In a bid to help ease overwhelmed testing centres, PM Scott Morrison has announced today that overseas travellers will no longer need to take any PCR tests after arriving in Australia.
The new rules mean that International arrivals into Australia will now take a free rapid antigen test when they land, removing the need to get a PCR test done within the previous 24-hour window of coming into the country.
Travellers will still be required to show a negative PCR test 72-hours prior to departure at their own expense before leaving their outbound destination for Australia.
“They will have a rapid antigen test on arrival,” Mr Morrison said.
“If that is negative, then they will not be required to have a further test, remembering that 99 per cent of those who are turning up at our airports are double vaccinated.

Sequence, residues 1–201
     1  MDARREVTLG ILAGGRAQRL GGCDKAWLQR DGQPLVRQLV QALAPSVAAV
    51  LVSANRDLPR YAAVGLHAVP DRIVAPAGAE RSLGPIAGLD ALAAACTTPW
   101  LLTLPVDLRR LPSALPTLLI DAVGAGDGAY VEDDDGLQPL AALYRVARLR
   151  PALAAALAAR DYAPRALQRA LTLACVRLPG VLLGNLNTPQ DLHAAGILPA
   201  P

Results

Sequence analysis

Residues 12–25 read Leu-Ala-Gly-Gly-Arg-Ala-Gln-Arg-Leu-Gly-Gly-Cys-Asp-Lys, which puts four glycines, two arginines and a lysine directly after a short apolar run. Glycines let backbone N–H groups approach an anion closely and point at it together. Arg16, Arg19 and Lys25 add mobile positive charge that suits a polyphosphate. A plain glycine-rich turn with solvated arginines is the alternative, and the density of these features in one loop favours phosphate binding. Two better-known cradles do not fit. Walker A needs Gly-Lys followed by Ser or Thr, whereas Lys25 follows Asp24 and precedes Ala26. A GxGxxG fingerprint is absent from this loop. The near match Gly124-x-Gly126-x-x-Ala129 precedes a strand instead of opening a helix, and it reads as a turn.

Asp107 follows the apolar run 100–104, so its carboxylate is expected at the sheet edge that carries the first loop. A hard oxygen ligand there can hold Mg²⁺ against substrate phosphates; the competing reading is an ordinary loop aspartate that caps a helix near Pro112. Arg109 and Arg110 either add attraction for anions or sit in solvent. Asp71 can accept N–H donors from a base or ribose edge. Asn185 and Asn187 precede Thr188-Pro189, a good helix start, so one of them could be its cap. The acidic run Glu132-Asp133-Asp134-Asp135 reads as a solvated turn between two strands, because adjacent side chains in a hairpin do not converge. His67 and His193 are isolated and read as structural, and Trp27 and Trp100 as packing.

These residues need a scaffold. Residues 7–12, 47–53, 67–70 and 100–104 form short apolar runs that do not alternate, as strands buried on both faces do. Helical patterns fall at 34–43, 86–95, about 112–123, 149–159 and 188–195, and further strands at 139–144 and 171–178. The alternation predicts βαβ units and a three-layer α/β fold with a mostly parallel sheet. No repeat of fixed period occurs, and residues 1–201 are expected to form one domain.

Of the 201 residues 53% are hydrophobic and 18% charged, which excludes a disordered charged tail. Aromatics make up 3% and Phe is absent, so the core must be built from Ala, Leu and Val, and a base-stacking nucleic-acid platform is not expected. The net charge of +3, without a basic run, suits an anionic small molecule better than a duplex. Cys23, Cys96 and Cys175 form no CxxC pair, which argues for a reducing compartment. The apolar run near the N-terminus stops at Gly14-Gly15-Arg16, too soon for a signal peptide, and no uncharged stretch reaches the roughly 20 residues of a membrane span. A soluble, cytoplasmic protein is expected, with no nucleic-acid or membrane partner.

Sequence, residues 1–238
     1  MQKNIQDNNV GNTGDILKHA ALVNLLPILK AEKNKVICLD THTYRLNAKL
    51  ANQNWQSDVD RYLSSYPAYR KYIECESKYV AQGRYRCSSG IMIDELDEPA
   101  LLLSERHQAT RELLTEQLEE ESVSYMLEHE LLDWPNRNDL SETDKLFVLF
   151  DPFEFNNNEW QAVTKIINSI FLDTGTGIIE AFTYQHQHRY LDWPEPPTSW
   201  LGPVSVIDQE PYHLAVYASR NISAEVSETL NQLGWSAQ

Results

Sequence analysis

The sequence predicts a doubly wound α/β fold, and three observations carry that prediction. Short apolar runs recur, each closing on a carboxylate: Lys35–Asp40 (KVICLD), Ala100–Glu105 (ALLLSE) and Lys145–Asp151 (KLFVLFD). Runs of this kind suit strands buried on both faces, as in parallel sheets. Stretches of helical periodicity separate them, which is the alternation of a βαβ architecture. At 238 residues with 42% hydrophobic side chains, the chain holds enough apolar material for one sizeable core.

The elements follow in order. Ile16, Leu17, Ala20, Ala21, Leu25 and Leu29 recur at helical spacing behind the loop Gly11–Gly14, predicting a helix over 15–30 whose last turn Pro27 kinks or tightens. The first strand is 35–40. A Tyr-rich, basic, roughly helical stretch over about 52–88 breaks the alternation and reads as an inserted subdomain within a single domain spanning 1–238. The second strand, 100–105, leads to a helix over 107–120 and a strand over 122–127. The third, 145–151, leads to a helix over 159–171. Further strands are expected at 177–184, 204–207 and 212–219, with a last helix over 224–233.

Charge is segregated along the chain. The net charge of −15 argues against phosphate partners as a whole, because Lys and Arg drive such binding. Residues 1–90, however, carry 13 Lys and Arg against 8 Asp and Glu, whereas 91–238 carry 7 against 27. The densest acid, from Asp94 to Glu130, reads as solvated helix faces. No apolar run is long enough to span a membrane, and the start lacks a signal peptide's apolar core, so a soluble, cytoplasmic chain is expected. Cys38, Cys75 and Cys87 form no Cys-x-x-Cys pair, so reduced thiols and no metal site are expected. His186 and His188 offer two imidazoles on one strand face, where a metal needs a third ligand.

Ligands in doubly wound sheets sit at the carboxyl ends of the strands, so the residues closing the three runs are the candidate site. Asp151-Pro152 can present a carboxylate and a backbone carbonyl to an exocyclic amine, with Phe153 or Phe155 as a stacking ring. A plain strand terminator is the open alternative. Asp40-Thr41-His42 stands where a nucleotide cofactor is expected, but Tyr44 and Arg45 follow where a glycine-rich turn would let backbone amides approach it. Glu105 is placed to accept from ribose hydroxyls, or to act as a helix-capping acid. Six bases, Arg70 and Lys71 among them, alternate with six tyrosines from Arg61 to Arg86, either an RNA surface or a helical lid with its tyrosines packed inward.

“And we’re not seeing large numbers cases come through international arrivals,” he said.
The travel industry will undoubtedly welcome the news as it removes another pain point to travelling to and returning from overseas.
Mr Morrison said the only exception to this rule would be arrivals into Queensland, which will keep that requirement until it reaches a 90% double vaccination rate.
The PM said national cabinet was aware of the “incredibly frustrating and highly disruptive” delays to testing services. He attributed these delays to higher numbers of cases produced by the Omicron variant.
“With Omicron, as we know, as the Chief Medical Officer has said on a number of occasions now, this is a strain that is less severe but more contagious,” he said.
“As a result, we are dealing with much higher levels of cases.”
The PM also said all states except Western Australia – which did not have anyone in attendance at today’s national cabinet meeting – would start moving to scrap RAT or PCR testing requirements for interstate travellers.
More details to come.
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